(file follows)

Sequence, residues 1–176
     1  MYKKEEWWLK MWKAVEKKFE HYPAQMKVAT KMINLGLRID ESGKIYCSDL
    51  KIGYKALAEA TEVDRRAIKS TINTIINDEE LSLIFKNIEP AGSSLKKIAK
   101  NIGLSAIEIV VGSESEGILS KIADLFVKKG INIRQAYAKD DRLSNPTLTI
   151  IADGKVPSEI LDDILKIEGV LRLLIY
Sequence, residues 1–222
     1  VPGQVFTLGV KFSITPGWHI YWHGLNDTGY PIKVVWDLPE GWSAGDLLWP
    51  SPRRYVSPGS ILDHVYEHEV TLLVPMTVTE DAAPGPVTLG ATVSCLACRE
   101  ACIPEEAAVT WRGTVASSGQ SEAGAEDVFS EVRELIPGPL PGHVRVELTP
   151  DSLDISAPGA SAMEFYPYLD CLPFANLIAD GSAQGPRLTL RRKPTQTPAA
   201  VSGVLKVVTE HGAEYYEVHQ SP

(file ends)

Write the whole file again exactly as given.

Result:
Sequence, residues 1–176
     1  MYKKEEWWLK MWKAVEKKFE HYPAQMKVAT KMINLGLRID ESGKIYCSDL
    51  KIGYKALAEA TEVDRRAIKS TINTIINDEE LSLIFKNIEP AGSSLKKIAK
   101  NIGLSAIEIV VGSESEGILS KIADLFVKKG INIRQAYAKD DRLSNPTLTI
   151  IADGKVPSEI LDDILKIEGV LRLLIY
Sequence, residues 1–222
     1  VPGQVFTLGV KFSITPGWHI YWHGLNDTGY PIKVVWDLPE GWSAGDLLWP
    51  SPRRYVSPGS ILDHVYEHEV TLLVPMTVTE DAAPGPVTLG ATVSCLACRE
   101  ACIPEEAAVT WRGTVASSGQ SEAGAEDVFS EVRELIPGPL PGHVRVELTP
   151  DSLDISAPGA SAMEFYPYLD CLPFANLIAD GSAQGPRLTL RRKPTQTPAA
   201  VSGVLKVVTE HGAEYYEVHQ SP